Monday, August 03, 2009

Texas Hispanics' college enrollment well short of goal

12:00 AM CDT on Sunday, August 2, 2009

The Associated Press

AUSTIN – Hispanic enrollment in Texas colleges and universities would need to almost double in the next six years to meet the state's higher- education goals by 2015, according to a new state report.
The staff report approved by the Texas Higher Education Coordinating Board on Thursday looked at progress toward goals adopted by the state in 2000. The board has long considered lagging Hispanic enrollment and graduation rates a major problem.
"Texas is not one of the highest-achieving states in terms of overall education attainment," said Raymund Paredes, the state's higher education commissioner. "And Hispanics are the lowest-achieving of the three major ethnic groups in Texas."
The Austin American-Statesman reported Friday that the review found that Hispanic enrollment had grown faster than that of blacks or whites but not fast enough to meet the state's goals.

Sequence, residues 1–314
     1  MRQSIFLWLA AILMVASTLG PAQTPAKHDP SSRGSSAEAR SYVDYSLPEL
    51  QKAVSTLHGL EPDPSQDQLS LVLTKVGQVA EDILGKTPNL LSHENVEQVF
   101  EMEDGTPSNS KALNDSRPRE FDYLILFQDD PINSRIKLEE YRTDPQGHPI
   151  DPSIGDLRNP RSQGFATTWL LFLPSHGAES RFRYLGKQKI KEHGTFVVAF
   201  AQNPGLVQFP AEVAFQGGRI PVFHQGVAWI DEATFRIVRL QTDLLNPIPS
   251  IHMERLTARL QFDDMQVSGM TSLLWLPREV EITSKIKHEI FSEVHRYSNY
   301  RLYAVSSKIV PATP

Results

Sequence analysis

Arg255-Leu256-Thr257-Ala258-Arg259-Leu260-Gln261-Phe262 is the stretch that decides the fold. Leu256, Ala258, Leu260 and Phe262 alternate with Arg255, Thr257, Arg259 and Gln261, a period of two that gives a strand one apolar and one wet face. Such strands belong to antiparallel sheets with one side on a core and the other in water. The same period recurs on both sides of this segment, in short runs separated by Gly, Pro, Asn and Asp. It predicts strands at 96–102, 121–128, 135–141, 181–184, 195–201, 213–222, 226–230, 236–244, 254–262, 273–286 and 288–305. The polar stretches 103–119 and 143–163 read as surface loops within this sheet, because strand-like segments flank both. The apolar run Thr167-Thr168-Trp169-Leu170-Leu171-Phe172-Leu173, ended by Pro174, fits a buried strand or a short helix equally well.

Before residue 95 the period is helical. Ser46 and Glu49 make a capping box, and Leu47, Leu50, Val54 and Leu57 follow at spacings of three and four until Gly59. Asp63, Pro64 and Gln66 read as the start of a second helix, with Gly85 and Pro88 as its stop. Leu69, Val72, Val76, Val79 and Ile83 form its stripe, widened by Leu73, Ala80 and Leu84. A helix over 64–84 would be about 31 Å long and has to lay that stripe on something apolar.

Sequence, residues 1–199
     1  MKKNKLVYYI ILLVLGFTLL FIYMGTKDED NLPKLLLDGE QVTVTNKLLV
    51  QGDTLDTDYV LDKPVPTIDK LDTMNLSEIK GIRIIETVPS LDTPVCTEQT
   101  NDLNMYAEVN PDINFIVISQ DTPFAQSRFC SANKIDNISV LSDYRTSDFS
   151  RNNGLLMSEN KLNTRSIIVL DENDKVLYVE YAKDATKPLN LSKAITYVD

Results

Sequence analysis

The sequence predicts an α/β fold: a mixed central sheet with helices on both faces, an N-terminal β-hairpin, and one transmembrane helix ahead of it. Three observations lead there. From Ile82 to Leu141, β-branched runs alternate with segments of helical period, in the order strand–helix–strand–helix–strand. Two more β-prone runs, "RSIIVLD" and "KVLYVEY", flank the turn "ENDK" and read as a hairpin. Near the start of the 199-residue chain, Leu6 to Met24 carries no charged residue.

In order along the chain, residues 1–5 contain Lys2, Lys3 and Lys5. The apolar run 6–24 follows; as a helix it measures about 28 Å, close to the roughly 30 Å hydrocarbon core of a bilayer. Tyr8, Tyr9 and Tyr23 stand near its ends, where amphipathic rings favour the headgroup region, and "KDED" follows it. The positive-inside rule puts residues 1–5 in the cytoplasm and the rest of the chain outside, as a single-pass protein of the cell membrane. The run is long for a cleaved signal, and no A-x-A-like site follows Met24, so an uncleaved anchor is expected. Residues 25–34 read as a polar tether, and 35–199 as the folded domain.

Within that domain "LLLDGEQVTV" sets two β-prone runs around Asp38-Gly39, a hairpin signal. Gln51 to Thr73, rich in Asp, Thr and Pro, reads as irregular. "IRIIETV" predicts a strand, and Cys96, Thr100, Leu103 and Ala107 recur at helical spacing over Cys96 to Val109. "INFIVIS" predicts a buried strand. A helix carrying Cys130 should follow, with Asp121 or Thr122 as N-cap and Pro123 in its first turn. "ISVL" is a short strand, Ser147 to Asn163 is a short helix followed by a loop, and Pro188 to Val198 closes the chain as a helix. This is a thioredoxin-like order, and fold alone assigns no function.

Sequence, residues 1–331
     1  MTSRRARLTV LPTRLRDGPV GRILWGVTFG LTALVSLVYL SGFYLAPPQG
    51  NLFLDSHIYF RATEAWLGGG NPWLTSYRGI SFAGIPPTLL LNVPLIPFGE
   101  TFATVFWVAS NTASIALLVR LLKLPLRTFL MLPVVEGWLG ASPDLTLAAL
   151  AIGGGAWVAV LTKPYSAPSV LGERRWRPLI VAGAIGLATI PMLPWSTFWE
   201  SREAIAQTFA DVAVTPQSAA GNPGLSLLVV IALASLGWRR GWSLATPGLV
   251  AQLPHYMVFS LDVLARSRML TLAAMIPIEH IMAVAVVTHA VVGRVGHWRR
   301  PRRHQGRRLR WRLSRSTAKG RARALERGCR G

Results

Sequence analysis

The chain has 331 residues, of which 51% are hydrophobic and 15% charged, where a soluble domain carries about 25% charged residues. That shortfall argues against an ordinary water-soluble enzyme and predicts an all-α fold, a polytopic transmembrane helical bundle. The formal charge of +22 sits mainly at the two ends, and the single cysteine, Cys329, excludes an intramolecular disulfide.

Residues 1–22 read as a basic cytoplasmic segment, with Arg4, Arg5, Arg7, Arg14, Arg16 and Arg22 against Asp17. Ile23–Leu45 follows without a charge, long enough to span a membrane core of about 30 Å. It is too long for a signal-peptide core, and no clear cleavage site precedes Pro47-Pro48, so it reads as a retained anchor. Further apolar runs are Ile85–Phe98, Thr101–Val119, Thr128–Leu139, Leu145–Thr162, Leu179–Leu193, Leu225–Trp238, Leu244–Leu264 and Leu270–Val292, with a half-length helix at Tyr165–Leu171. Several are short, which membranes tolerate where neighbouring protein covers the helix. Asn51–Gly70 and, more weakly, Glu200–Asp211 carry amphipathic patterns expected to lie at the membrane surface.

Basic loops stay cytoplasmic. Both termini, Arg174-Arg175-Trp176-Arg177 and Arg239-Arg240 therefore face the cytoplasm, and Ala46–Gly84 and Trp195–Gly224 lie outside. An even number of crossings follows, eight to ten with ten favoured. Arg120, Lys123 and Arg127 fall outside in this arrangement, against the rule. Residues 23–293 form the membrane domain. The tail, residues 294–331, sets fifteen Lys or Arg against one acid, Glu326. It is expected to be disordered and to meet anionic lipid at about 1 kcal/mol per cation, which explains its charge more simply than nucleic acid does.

About 367,000 Hispanic college students were enrolled in Texas colleges and universities last year. But about 309,000 more Hispanic students would need to enroll in h igher education by 2015 to meet the state's goal of 5.7 percent of Hispanics enrolled.
One problem is that too few Hispanic students graduate from high school, the report said. Only 54.2 percent of Hispanic seventh-graders in 1995 graduated from a Texas public high school, compared with 61.3 percent of all students, the report said.
"Latino youth begin kindergarten far behind their peers," said Patricia Gandara, a UCLA professor of education. "Latino students require more investment by the state."
Officials pledged to address Hispanic achievement, as well as shortfalls in technology-related degrees, research funding and other benchmarks.
Texas has a goal of having 5.7 percent of each major ethnic and racial group in the state enroll in college by 2015. Last year, 5.4 percent of Texans were enrolled in public and private colleges and universities, up from 5 percent in 2000. Among blacks, the percentage was 5.6 percent, the report said.
The Associated Press

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